'Lymelife' is a humorless tale of '80s suburbia

"Lymelife" (R)

2 stars out of 4

Imagine a shortened, '80s version of "The Ice Storm" or "American Beauty" without a sense of humor and you'll have "Lymelife." Suburban dysfunction has never been a niche genre that caused much of a stir; most people don't go to the movies to get depressed. However, downbeat is fine if it's original and/or done well. That's certainly not the case here.

Even though it sports a superb cast, "Lymelife" is the type of movie where plot and story development are everything and one that is usually beyond the abilities of first-time filmmakers such as director Derick Martini and his co-writer brother Steven.

Angst and dystopia reign supreme for two Long Island families whose assorted members are falling in or out of love, having meaningless affairs or are in the process of dying. Land developer Mickey Bartlett (Alec Baldwin) is more than a good provider but a lousy husband to his wife Brenda (Jill Hennessey) and an even worse role model for sons Jimmy and Scott (Kieran and Rory Culkin.)

Jimmy's decided to escape by enlisting in the Army and heading off to the Falkland Islands. He masks his disdain for his parents' sham marriage with flip sarcasm, but is weary of the toll it's taking on Scott. An introverted teen who often fantasizes in front of the mirror, Scott can't get the hint that the bold and fearless Adrianna Bragg (Emma Roberts) really digs him.

Adrianna's shrewish mother, Melissa (Cynthia Nixon), is Mickey's secretary who, in more ways than one, buries herself in her work to escape the company of her husband, Charlie (Timothy Hutton). Recently infected with Lyme disease, Charlie is out of work, perpetually rundown and has a strange affinity for deer meat. Mickey thinks Charlie's faking his illness and Charlie knows more than he lets on.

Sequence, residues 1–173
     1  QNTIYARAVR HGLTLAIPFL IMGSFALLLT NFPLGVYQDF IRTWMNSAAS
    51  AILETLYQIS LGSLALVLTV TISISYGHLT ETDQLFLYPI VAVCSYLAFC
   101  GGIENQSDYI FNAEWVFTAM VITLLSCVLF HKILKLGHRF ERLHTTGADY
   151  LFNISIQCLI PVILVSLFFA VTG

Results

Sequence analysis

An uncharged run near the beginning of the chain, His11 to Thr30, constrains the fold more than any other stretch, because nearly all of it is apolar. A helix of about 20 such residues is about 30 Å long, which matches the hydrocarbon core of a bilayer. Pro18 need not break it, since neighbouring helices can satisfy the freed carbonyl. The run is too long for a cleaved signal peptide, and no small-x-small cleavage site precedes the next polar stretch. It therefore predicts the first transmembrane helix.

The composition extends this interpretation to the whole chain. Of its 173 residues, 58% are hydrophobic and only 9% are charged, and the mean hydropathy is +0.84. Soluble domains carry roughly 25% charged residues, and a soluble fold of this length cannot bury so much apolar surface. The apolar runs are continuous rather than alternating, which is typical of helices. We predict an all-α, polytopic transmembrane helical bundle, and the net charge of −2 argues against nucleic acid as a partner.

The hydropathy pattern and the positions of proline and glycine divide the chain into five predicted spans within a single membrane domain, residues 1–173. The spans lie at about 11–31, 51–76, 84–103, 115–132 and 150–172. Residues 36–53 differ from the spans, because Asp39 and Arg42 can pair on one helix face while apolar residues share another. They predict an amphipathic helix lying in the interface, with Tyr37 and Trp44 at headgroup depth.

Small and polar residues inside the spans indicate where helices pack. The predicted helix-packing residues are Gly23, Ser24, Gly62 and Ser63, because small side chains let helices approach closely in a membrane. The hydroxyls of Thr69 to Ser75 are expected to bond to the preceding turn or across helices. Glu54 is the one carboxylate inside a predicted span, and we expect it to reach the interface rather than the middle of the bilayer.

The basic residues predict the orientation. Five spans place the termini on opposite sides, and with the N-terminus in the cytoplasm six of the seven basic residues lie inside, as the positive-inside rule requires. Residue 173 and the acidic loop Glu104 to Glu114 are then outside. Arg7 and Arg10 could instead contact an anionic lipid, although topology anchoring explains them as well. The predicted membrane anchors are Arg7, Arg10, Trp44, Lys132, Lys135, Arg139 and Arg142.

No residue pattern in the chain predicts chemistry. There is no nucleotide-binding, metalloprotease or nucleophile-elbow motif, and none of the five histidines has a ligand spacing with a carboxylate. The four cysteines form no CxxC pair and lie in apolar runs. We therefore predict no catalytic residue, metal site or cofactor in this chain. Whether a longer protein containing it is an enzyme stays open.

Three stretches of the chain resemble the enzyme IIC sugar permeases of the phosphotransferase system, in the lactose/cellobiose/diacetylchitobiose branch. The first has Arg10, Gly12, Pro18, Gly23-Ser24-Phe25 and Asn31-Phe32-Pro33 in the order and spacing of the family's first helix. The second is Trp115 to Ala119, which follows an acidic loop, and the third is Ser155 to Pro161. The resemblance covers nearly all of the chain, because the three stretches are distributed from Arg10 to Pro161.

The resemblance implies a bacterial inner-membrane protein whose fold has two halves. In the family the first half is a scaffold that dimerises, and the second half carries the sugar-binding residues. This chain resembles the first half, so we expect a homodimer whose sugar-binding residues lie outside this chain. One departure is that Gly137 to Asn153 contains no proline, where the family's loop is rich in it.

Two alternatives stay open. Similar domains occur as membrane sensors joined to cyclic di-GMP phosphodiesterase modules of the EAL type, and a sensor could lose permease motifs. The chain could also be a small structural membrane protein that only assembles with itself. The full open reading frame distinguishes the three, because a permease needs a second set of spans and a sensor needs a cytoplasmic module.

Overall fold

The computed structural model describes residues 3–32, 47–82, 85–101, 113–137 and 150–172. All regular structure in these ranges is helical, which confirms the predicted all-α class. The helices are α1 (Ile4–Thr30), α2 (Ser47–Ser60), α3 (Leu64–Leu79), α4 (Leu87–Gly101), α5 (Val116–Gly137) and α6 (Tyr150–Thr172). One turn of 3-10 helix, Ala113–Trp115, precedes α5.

Despite their collective strong renderings, the four adult performers are left floundering thanks to the stilted, rote and unimaginative things the Martinis have them do. They drink a bunch, yell and scream a lot more and in the few moments of silence, exchange terse glances.

Kieran Culkin is able to accomplish much with his limited screen time and could prove to be an imposing villain in another movie with stronger material. Kieran's real-life brother Rory is given the harder task, but still impressively captures the spirit of the "isolated teen" character without turning it into a maudlin cliche.

The biggest and most welcome surprise comes from Roberts. Regulated most of her young career to playing goody two-shoes types, she really makes a stretch here with the acid-tongued, not-quite bad girl Amanda. Getting as risque as she possibly can without stumbling into gross caricature, Roberts demonstrates the same kind of spunk that propelled her Aunt Julia to superstardom. (A note to parents: as much as your pre-teen Emma fan child begs you, don't even think about letting them see this adult-only movie).

Considering it was Baldwin and Martin Scorsese who produced their film, the Martinis must have real talent but need to regroup before making a follow-up. Do something more original, infuse at least a little humor into it and above all things - come up with an ending that doesn't completely frustrate the audience. (Screen Media Films)